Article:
On October 7, 2020, the SEC proposed a limited, conditional exemption from broker registration requirements for "finders" who assist issuers with raising capital in private markets from accredited investors. Finders identify and often solicit potential investors in order to connect issuers with investors in private placements of securities. The proposal responds to the lack of clarity regarding the regulatory status of finders which has developed through case law, no action letters and other SEC guidance.
Two Tiers of Finders. The proposed exemption from the broker registration requirements of 1934 Act Section 15(a) would permit certain limited capital raising activities involving accredited investors. The proposed rules categorize Tier 1 finders and Tier 2 finders and prescribe conditions tailored to the activities of each tier. Both Tier 1 and Tier 2 finders would be permitted to accept transaction-based compensation under the proposed exemption.
A Tier 1 finder would be limited to providing contact information of potential investors in connection with only a single capital raising transaction by a single issuer in a twelve-month period. A Tier 1 finder could not have any contact with a potential investor about the issuer.
Tier 2 finders may solicit investors on behalf of an issuer as long as such solicitation-related activities would be limited to: (i) identifying, screening for accredited investor status, and contacting potential investors; (ii) distributing issuer offering materials to investors; (iii) discussing issuer information included in any offering materials, provided that the Tier 2 finder does not provide advice as to the valuation or advisability of the investment; and (iv) arranging or participating in meetings with the issuer and investor.
Both Tier 1 and Tier 2 finders would be subject to the condition that the exemption is only available where:
- the issuer is not required to file reports under 1934 Act Section 13 or Section 15(d);
- the issuer is seeking to conduct the securities offering in reliance on an applicable exemption from 1933 Act registration;
- the finder does not engage in general solicitation;
- the potential investor is an "accredited investor" as defined in Rule 501 of Regulation D or the finder has a reasonable belief that the potential investor is an "accredited investor";
- the finder provides services pursuant to a written agreement with the issuer that includes a description of the services provided and associated compensation;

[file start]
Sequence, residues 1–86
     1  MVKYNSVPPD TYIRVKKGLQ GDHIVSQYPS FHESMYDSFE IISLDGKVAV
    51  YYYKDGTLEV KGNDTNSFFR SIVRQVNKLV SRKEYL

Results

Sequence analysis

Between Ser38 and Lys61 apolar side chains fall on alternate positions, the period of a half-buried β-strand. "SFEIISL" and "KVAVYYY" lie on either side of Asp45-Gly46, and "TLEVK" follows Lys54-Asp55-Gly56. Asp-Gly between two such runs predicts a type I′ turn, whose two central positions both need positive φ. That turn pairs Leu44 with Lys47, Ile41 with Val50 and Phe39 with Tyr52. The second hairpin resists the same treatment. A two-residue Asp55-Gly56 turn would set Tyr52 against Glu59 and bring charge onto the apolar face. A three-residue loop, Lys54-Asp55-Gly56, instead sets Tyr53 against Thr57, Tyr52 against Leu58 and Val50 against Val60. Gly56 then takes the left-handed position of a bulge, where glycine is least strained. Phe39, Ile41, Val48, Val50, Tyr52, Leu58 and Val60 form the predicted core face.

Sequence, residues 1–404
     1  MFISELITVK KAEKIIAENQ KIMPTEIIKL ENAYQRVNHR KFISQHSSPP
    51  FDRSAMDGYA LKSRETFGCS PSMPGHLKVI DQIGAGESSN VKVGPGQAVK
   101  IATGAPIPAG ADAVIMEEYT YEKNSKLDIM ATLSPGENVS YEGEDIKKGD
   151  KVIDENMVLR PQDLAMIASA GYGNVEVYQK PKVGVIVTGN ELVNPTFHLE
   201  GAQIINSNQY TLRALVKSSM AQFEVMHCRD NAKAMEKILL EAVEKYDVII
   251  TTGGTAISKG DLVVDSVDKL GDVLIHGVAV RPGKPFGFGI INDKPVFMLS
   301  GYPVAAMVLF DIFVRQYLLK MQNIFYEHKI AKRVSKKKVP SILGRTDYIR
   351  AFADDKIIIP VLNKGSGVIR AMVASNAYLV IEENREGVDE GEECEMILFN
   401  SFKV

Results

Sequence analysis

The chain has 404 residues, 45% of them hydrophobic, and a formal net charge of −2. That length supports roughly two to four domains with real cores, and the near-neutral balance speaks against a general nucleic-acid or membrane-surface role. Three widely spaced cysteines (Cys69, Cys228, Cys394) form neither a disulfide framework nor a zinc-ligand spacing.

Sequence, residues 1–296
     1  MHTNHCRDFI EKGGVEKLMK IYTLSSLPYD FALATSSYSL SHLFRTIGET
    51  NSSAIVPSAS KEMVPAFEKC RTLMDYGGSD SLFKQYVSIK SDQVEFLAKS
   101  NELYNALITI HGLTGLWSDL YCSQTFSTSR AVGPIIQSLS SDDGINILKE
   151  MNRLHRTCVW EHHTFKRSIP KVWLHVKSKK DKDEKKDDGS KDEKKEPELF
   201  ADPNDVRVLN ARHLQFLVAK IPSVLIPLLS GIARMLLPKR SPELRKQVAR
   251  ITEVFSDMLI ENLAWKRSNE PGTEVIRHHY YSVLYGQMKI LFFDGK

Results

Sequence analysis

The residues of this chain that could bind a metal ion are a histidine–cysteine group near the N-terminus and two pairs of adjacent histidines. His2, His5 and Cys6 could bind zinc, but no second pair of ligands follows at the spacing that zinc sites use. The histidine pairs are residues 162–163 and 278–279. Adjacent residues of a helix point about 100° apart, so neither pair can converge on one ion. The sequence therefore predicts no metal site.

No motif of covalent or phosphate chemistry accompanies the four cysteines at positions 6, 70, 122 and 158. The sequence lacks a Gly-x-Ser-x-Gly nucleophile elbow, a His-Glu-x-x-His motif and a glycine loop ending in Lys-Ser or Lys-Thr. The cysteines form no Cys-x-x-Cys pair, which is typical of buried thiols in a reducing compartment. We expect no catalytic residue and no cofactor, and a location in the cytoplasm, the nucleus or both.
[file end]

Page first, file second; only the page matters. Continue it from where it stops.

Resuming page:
- the finder is not an associated person of a broker-dealer; and
- the finder is not subject to statutory disqualification, as that term is defined in 1934 Act Section 3(a)(39), at the time of his or her participation.
The proposed rules also contemplate that a finder could not rely on the exemption to engage in broker activity beyond the scope of the proposed exemption. Specifically, a finder could not rely on the exemption to facilitate a registered offering, a resale of securities, or the sale of securities to non-accredited investors or to investors the finder does not have a reasonable belief are accredited.
A finder would not be involved in structuring the transaction or negotiating the terms of the offering, handle customer funds or securities or bind the issuer or investor or participate in the preparation of any sales materials. A finder also would not perform any independent analysis of the sale, engage in any "due diligence" activities, assist or provide financing for such purchases, or provide advice as to the valuation or financial advisability of the investment.
Additional Tier 2 Requirements. The SEC proposed additional Tier 2 requirements because Tier 2 finders can participate in a broader range of activities. Tier 2 finders would need to satisfy certain disclosure requirements and other conditions. The disclosure requirements, which include a requirement that the Tier 2 finder provide appropriate disclosures of its role and compensation, would have to be made prior to or at the time of the solicitation. Also, the Tier 2 finder would have to obtain from the investor, prior to or at the time of any investment in the issuer’s securities, a dated written acknowledgment of receipt of the required disclosures.
State securities law regulators have not had an opportunity to respond to the SEC’s proposed rules or how such rules may interplay with state broker dealer registration requirements.
The SEC’s comment period expires 30 days after publication of the proposed rules in the Federal Register.
KMK Law articles and blog posts are intended to bring attention to developments in the law and are not intended as legal advice for any particular client or any particular situation. The laws/regulations and interpretations thereof are evolving and subject to change. Although we will attempt to update articles/blog posts for material changes, the article/post may not reflect changes in laws/regulations or guidance issued after the date the article/post was published. Please consult with counsel of your choice regarding any specific questions you may have.
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Mark Reuter advocates for business clients in transactions, proceedings and conflicts regulated by federal and state securities laws and stock exchange rules. A partner in the firm’s Business Representation & Transaction ...
Jim Kennedy practices in the Business Representation & Transactions Group. The focus of his practice is corporate, securities, and financing law, where he has extensive experience in mergers, acquisitions and ...
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